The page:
This video (a few years old) shows some New York businesses helping each other out of economic slumps with bartering. Even though they are giving something away, they join forces in trade to pull the other up. They express happiness and gratitude for the trade.



This woman, now in her 70s, hasn't spent money in over 15 years:



Image: Wikimedia Commons

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12 comments:

Anonymous said...

Maybe people could grow veges/ fruits (if they have a bakc/ front yard for trees) and could barter with extra food they have for those with non-gardening skills? Except that in order for that to work, we need to get the governments to not restrict people giving/ sharing/ trading food to others. If it weren't for all these damn restrictions, people could fare far better. If enough people demand it, and just do it, maybe government will back off... or show their true colors of control so blatantly the rest will wake up.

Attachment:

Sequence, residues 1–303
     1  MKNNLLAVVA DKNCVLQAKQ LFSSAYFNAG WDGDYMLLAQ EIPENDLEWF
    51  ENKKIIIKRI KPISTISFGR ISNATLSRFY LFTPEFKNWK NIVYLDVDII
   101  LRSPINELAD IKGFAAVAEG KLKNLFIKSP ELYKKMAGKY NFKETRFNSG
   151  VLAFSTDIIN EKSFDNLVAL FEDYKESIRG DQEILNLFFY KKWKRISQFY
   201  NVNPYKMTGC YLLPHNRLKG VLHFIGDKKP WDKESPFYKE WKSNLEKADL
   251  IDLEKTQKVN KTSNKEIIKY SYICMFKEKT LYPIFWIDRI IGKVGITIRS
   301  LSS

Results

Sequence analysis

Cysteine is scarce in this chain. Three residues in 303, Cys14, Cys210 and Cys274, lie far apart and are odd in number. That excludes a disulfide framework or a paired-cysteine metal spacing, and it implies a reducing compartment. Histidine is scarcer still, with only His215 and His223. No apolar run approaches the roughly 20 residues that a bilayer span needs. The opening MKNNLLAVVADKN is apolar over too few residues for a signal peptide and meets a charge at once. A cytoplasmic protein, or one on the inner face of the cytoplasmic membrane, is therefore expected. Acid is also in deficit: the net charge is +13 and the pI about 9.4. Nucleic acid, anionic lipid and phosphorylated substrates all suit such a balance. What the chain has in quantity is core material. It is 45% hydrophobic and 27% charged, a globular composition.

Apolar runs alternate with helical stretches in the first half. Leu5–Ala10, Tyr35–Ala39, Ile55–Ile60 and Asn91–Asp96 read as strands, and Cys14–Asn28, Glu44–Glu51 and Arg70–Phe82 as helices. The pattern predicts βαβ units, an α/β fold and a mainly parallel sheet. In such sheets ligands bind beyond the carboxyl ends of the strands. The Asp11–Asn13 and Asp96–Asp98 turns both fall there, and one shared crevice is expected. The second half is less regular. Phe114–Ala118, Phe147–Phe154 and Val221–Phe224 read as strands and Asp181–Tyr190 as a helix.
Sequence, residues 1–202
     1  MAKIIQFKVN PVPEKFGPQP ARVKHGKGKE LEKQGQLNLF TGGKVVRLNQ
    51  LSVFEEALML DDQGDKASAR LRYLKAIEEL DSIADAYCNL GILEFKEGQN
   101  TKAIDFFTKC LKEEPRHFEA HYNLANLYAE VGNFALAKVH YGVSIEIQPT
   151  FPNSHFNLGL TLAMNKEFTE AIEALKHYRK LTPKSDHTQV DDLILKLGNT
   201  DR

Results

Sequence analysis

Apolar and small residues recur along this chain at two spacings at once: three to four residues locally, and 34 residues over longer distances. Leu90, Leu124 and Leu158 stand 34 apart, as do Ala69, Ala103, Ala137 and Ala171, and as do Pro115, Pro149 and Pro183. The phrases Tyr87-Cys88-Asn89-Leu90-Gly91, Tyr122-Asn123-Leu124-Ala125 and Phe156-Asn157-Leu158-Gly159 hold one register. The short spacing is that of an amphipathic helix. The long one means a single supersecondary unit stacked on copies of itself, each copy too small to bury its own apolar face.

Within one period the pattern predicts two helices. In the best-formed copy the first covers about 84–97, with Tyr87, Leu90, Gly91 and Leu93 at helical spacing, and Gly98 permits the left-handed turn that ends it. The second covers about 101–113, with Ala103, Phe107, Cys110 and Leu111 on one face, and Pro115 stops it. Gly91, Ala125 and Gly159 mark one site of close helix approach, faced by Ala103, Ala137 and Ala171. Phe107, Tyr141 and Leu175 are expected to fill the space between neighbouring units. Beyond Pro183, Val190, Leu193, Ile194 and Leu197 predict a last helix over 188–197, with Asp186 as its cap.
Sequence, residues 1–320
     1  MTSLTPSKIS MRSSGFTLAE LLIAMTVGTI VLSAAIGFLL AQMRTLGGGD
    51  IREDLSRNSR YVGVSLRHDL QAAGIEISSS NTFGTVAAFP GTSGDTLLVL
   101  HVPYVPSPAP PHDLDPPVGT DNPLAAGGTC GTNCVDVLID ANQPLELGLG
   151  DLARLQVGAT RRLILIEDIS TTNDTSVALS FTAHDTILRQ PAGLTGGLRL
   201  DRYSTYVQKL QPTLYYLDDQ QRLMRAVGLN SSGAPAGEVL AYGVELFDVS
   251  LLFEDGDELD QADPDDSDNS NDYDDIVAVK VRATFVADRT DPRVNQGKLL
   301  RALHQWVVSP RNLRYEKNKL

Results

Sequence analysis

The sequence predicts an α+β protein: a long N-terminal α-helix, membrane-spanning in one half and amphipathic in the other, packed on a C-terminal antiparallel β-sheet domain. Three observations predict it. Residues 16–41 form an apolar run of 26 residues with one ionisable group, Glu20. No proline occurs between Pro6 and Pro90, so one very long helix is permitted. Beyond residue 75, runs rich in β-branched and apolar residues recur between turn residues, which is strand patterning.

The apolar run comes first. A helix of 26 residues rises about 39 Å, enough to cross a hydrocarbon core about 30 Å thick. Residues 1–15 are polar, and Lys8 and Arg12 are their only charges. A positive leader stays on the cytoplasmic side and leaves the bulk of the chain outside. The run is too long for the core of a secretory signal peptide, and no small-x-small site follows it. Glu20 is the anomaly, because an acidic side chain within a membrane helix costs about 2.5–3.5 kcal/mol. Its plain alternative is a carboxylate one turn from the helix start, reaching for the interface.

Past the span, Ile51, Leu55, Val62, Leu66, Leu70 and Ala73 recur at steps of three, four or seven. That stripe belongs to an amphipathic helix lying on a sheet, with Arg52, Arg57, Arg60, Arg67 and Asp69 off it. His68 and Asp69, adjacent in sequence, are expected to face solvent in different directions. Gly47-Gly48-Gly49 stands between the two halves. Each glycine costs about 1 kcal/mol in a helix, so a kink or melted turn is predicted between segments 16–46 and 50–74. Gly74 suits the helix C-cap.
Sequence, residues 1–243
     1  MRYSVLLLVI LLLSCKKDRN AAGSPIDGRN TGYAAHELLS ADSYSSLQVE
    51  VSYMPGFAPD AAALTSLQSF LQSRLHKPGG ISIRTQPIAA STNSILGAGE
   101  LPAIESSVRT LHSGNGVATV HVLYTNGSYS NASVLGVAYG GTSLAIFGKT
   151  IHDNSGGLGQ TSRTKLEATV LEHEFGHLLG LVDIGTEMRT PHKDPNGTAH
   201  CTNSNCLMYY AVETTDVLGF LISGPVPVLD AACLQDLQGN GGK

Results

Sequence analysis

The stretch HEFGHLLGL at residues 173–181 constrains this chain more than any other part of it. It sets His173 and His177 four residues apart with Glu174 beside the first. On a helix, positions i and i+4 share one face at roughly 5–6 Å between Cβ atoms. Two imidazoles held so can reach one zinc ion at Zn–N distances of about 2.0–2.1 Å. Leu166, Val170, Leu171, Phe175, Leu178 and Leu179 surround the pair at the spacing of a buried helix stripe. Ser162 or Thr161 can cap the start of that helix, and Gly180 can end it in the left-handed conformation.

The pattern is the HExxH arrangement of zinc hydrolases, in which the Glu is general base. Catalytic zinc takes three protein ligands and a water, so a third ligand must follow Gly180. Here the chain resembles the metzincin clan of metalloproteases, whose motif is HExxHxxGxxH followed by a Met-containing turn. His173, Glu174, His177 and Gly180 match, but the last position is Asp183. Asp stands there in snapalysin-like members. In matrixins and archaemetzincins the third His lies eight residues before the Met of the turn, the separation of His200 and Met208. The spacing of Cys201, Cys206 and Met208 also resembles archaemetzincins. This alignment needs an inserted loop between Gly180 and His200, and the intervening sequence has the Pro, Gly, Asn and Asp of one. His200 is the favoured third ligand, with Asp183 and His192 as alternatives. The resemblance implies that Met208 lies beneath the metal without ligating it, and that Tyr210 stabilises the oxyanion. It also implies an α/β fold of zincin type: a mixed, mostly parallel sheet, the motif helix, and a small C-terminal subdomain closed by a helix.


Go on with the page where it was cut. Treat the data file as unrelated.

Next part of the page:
Anonymous said...

Remember you do not have to keep or use whatever you have newly acquired. It can always be used to barter for something, with someone else. Also bartering does not have to be a one time transaction. It can be an ongoing exchange, sort of like personal credit/debt or something for the parties involved

notsofreecitizen said...

"But if I want a bag of groceries or a hair style, I'm trading goods that I paid for, she said." She doesn't consider food as a good? It's one of the most basic necessities of life.

I would have to say that the "conundrum" you speak of is in the businesswoman's perception of goods and services. She seems to equate a higher value to goods than to services. You won't get very far without some services. A common one is electricity delivered to the house. How do you trade electricity? It's a tangible "item", but it's delivered as a service unless you generate your own.